Now, using the same piece of cloth, hold the new tube and turn the tube so that it is aligned with the little holes in the tube socket. Gently push the tube's foot in the socket for 1/8 inch or 2 mm, this should be easy so make sure it's aligned properly. Wiggle the tube sideways gently, while pushing it into the socket further. Careful. There you go, power tube installed. Do this as well for the other power tubes.

 

Switch your amp on standby, let it warm up for 5 minutes and switch it on. Check if the problem is gone. If the same problem is still present, there is a big probability that it's in the pre-amp tubes. Replace the pre-amp tubes in the same manner as the power tubes. Pre-amp tubes are smaller and more difficult to reach inside your amp, so be careful. When you've replaced all the tubes this way the problem should be gone and the amp should be working as normal. If not, take your tube amp to a qualified technician (your local guitar store will know one) and have them repair it.

 

"If there are four power tubes they are often in matched pairs - inner pair, and outer pair. Replace the inner pair, then the outer pair, rather than go left-to-right." -Micky Z

 

How to replace just the broken tube

If you do not want to replace all power tubes at once (because they are costly), switch off the amp and replace one power tube. Start with the one on the left. Switch to standby, let the amp warm up, switch on and check if the problem persists. If not, the original tube was broken. If the problem is still there, switch off, put back the original tube and replace the next tube.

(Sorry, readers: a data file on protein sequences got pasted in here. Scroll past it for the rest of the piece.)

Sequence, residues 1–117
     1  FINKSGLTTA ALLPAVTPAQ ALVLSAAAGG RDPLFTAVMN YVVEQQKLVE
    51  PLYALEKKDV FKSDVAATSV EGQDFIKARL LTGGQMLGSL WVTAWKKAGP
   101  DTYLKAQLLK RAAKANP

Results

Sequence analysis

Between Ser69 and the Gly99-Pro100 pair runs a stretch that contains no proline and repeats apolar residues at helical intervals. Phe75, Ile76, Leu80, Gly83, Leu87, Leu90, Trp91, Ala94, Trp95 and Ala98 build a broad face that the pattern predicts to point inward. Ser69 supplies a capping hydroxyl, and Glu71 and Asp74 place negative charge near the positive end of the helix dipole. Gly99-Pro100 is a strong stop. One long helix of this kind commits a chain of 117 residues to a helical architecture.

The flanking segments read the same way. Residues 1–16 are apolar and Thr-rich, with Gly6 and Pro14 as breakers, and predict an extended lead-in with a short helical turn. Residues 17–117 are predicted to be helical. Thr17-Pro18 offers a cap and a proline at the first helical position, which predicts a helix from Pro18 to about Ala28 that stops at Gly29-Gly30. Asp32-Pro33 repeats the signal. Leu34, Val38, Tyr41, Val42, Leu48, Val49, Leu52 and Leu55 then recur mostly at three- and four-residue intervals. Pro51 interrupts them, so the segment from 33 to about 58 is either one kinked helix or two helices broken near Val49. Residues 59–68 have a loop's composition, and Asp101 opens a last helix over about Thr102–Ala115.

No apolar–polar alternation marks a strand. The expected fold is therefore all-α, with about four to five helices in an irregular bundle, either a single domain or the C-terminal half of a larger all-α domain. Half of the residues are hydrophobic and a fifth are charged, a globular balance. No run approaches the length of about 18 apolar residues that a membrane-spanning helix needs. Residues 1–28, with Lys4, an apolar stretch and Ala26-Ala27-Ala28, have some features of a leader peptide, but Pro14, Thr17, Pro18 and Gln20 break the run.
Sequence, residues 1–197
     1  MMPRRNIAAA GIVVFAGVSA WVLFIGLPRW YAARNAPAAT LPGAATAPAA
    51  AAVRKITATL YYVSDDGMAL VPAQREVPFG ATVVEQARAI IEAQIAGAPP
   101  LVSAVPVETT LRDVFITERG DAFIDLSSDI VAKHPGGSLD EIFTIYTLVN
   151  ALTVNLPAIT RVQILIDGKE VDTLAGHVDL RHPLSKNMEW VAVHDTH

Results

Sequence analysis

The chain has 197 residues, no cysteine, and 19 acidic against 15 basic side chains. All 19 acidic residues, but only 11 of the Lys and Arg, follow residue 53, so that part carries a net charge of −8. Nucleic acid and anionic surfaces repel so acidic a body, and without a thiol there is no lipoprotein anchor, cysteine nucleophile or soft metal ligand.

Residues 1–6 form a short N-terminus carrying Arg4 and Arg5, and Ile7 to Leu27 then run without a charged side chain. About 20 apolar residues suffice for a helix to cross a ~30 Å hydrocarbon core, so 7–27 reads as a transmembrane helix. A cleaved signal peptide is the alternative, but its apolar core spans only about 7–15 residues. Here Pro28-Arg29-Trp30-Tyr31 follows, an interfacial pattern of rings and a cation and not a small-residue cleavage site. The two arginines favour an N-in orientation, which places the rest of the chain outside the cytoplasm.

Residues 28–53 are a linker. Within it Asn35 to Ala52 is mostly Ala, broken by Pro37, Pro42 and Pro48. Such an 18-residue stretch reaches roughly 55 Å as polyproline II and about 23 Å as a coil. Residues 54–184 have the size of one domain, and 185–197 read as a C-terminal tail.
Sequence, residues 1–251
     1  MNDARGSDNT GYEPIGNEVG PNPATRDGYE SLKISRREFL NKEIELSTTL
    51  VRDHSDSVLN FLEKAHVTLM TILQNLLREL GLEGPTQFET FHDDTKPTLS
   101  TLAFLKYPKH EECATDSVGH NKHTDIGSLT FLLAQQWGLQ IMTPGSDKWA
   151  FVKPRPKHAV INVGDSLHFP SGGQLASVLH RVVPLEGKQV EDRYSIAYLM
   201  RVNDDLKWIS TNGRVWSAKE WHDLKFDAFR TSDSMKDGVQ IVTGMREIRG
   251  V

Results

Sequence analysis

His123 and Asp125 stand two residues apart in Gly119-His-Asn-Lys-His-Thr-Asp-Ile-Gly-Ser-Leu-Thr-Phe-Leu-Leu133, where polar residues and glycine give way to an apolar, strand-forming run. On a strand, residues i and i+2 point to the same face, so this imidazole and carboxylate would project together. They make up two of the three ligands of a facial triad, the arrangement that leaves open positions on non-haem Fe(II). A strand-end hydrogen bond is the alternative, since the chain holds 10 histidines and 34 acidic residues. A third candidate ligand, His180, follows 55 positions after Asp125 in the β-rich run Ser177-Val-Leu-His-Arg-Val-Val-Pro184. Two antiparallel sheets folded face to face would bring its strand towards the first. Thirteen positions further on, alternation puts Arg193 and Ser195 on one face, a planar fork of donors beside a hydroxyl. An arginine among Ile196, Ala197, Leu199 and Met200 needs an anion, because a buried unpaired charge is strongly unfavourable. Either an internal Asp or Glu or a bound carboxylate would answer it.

Continue like this until you've localised and replaced the problematic tube. Remember that the new tube is not matched with the original tubes. This could result in a less good tone from the amp because the amp is not biased and the tubes do not match. If the amp still sounds ok for you, don't bother and leave it like that!

 

How can i fix dials/potmeters that crackle or noisy dials?
After some time (a few years), most potmeters will become noisy and start to crackle. This is due to dust and dirt inside the inner mechanics of the potentiometer.
It can be easily fixed by spraying in a product like 'Stoner Electrical cleaner', 'DeoxIt' or 'Kontakt Spray'.
Pull off the knob itself, gently. You'll see a little metal ring around the foot of the turning screw. Spray some of the cleaner in between the ring and the base. If there is a little hole in the base ring or otherwise, it's for cleaning purposes, so spray some into that hole.
Now, twist the meter back-and-forth as far as it can turn, about 20-30 times. This should fix the crackle/noise problem!!


There you are, the basics of tube amp maintenance. As said, leave anything beyond tube or potmeter problems to a technician and you'll be fine!

 

 

Contributing artist:


Micky Z
(rock)

http://www.bandmix.com/mickyz/

 



tube amp maintenance fender 57 amp